@Enrico, Semantics and career advice aside, saying, “I don’t think Chandrasekhar’s paper is flawed”, without explaining why you think that, is simply a way of making a content-less argument.
You claim Chandrasekhar’s paper is flawed. The burden of proof is on you. It passed peer review and published in a reputable journal. Chandrasekhar is a Nobel laureate in physics. Zwicky himself did not publish any paper claiming Chandrasekhar is wrong. You want us to accept Chandrasekhar is wrong without making any sensible argument.
I was wondering the other day if it would be possible to derive a test for MoND in the solar system by looking at near-parabolic / hyperbolic comets. Given the high eccentricity exhibited by these comets, they will, for sure, enter the MoND regime and some (many) of them would turn out to be, in fact, bounded to the sun. A test that I could think of is to make predictions about the chemical properties for the next claimed interstellar comets that will be discovered – i.e. if, in MoND, they are really on “elliptical” orbits, then they should be nearly indistinguishable from the other solar system comets. However, if they are on unbounded trajectories in MoND, then they will have a high chance of having some special characteristics that differentiate them from the solar system comets.
Would a lower fraction of observed comets with parabolic / hyperbolic trajectories (as would be the case in MoND) mean anything?
As a note, I used quote marks for elliptical as I’m not really sure how to call a closed orbit (but with very high eccentricity) in MoND – my expectation is the shape of the orbit is no longer an ellipse.
Anyway – what would be the excess velocity at infinite distance, calculated using ND, for which a comet’s trajectory in MoND would become “parabolic”? (For the present interloper – Borisov, I highly doubt that it could be on a bounded trajectory since its excess velocity is in the range of 30km/s, but say, at 3km/s, would that make a comet bounded in MoND?)
Yes, people have thought about this. There should be some excess precession, for example. It is very hard to tell in practice, but constraints on MOND in the solar system are nevertheless pretty tight (e.g., https://arxiv.org/abs/1510.01369).
The asymptotic velocity of a solar mass object in MOND is a hair under 0.4 km/s, so that’s the scale to have in mind. Also bear in mind that the sun is in a relative high acceleration location – about 1.8*a0. So the immediate environment is more Newtonian than MONDian.
Thank you for the answer.
I would have expected an excess velocity in the order of 1 – 2 km/s so the figure you gave is quite low.
With this value, I’d say that it’s not possible to distinguish between solar and interstellar comets because, especially with comets which are prone to outgasing events – the uncertainty in the actual orbit / escape velocity is too large to be able to make a clear cut between ND and MoND.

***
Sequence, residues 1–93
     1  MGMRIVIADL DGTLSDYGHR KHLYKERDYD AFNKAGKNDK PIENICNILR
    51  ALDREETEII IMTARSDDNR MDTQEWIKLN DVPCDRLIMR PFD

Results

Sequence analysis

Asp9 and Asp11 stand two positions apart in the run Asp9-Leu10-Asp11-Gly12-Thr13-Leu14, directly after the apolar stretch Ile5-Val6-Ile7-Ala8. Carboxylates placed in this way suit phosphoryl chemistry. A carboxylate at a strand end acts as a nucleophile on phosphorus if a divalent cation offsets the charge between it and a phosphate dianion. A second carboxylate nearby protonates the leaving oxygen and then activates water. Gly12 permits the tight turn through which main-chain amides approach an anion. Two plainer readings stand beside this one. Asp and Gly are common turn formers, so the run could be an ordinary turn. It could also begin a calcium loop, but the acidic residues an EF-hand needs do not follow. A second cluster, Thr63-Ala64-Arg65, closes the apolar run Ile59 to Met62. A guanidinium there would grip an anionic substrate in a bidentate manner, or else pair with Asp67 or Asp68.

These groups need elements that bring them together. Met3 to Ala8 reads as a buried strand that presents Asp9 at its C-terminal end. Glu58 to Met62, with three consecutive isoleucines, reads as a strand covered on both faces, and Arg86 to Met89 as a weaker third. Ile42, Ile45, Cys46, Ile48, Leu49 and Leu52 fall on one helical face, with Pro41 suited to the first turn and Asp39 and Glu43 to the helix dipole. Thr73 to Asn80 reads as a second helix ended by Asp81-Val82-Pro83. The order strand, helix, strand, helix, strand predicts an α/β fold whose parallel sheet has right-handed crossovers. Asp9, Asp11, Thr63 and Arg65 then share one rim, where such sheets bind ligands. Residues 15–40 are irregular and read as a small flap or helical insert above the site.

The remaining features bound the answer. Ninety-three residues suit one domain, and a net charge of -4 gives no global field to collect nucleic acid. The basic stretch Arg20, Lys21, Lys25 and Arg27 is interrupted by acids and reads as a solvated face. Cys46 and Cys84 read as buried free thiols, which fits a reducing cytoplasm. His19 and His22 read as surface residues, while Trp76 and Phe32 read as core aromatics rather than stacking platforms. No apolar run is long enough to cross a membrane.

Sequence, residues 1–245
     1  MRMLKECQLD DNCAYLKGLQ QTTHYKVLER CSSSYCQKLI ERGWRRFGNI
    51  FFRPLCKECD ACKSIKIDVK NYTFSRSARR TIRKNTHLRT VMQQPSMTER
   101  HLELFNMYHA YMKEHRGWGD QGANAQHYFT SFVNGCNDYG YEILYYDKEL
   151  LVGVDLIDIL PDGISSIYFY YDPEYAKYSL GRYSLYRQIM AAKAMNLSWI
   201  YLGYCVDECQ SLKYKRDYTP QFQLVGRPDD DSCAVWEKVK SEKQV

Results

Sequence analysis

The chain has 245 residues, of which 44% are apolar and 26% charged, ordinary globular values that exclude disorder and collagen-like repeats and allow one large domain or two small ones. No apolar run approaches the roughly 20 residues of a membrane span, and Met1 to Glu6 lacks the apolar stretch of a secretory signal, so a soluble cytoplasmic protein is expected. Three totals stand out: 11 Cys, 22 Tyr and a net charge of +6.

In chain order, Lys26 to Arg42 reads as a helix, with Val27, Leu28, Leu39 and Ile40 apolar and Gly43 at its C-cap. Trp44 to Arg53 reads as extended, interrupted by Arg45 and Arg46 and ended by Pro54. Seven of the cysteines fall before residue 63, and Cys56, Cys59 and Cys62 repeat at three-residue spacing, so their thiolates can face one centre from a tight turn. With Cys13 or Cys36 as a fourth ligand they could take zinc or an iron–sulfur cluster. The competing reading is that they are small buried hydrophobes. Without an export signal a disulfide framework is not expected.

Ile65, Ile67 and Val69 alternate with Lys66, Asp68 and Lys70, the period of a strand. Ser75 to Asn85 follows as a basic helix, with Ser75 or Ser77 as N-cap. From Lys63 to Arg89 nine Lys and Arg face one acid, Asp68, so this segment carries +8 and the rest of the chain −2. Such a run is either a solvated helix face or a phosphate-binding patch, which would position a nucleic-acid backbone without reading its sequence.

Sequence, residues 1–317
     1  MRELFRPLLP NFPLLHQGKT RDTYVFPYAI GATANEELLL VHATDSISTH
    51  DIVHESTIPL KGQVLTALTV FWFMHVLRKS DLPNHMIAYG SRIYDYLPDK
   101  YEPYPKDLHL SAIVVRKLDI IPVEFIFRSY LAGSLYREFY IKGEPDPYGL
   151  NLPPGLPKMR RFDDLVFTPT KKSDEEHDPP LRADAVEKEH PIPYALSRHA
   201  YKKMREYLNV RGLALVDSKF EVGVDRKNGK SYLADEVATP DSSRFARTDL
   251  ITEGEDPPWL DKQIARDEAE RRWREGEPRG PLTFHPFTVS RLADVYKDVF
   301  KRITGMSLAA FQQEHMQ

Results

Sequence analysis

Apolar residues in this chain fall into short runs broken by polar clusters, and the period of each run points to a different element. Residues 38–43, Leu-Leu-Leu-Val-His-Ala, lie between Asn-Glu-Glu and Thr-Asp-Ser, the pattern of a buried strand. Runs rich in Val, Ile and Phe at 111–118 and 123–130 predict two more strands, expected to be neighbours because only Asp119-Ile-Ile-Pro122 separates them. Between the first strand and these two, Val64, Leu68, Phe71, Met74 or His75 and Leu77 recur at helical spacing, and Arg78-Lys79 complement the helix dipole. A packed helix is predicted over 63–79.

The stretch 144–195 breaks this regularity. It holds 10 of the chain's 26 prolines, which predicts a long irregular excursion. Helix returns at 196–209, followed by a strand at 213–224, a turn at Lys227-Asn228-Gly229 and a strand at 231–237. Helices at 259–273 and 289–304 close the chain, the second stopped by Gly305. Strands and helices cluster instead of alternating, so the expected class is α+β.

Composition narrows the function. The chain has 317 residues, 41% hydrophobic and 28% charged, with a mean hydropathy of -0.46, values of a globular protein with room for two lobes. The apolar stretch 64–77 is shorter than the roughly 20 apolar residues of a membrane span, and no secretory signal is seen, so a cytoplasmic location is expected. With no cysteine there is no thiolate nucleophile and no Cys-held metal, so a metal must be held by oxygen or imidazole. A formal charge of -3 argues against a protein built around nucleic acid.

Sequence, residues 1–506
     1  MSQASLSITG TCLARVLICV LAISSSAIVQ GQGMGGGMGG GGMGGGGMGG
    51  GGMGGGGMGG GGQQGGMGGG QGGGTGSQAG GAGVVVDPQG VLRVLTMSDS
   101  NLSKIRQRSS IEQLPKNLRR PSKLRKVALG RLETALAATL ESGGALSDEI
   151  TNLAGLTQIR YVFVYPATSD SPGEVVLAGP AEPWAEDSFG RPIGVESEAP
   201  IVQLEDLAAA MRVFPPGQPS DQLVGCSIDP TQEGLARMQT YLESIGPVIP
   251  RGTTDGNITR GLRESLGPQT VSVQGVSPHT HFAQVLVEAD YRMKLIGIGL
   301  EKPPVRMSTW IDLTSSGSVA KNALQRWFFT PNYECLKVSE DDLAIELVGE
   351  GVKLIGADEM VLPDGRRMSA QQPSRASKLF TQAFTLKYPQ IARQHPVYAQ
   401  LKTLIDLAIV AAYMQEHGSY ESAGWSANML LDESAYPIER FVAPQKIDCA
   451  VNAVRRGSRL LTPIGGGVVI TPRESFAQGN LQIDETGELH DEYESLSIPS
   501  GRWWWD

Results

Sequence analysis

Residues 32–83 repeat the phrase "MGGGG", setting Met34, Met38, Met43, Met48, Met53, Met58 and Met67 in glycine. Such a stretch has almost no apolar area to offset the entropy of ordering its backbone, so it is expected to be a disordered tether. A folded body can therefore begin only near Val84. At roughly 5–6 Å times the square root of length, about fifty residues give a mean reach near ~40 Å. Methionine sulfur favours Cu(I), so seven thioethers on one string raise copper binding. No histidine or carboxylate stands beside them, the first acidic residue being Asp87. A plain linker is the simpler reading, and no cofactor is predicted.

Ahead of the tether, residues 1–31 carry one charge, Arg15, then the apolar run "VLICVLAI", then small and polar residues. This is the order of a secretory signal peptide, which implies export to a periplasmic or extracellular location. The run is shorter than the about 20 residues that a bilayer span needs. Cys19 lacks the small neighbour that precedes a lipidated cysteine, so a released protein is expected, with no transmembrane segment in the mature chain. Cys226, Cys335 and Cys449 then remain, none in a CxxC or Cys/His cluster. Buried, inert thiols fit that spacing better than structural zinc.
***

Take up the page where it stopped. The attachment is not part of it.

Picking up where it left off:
That would leave only orbit precession – but good luck with waiting enough time to observe it…. after all, we’d be talking about very long period objects/comets.
What I find interesting though is that if MoND has an underlying physical explanation, there will be an excess orbit precession both for very strong (i.e. GR) and very weak fields (i.e. MoND).
Yes, excess precession in these very different regimes is intriguing. But also very hard to detect for long period comets – if I thought I could do it, I would be.
What about accretion disks sporting spiral or some other traceable patterns, around young stars?
For instance this disk around AB Aurigae (https://www.eso.org/public/archives/releases/sciencepapers/eso2008/eso2008a.pdf) seems to have discernible spiral patterns, at the star’s estimated distance, up to ~1600AU.
It is true that the star is more massive than the Sun and, given that it is relatively close to us on galactic scales, the dominating regime for that 1600AU distance is clearly ND. But this is just for illustration – maybe there are other (smaller) stars that have disks with spiral patterns extending in the 10 000AU range.
Would those allow for a direct test for MoND? Would the stellar light pressure on the accretion disk at that distance skew the results?
I doubt that we could get precise enough data to apply the test to an object like that. However, there are serious proposals to look for MOND effects in binary stars with large separations.
Thank you again for the reply.
I knew about the proposal with wide binaries, however, I always thought that it will be difficult to get data with enough precision to make a clear cut if MoND manifests or not. I assume that orbital velocities are measured using spectral methods as direct observations offer only a very limited precision given the orbital period. That’s why I though that maybe a clear pattern in the accretion disk would be better as models with MoND or just ND will diverge in the pattern different at large distances.
But since you’re saying that there are serious proposals regarding wide binaries, I understand that the data (GAIA?) can provide already good enough resolution.
In principle, yes. In practice, the exciting science is often at the fringe of what is possible – otherwise it would already be obvious.